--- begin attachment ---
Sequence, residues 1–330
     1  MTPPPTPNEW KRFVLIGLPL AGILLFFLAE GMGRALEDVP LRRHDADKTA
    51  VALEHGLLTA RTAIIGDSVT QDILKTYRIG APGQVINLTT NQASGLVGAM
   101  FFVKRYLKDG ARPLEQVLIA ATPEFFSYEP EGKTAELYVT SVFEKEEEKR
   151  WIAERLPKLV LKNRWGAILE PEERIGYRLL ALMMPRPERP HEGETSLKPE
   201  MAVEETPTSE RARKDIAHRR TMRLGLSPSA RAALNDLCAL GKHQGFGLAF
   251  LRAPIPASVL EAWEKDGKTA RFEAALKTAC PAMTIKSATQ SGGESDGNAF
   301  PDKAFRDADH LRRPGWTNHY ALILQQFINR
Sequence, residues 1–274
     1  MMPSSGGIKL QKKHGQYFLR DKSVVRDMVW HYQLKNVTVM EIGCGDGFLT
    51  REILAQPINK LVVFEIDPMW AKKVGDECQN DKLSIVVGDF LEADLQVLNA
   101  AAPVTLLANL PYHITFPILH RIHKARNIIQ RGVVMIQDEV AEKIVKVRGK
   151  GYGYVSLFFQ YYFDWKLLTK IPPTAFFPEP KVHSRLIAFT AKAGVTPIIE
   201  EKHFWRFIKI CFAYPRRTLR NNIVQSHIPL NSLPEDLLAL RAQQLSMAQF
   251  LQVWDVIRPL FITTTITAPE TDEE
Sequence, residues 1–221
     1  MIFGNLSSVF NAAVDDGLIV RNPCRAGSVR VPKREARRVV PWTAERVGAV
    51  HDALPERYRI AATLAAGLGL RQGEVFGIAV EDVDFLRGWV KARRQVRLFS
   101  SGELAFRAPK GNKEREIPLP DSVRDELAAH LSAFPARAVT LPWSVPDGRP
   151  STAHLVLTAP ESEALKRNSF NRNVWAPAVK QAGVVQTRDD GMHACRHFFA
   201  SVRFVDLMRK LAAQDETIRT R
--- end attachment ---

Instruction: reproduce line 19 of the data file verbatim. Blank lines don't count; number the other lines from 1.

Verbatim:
   101  SGELAFRAPK GNKEREIPLP DSVRDELAAH LSAFPARAVT LPWSVPDGRP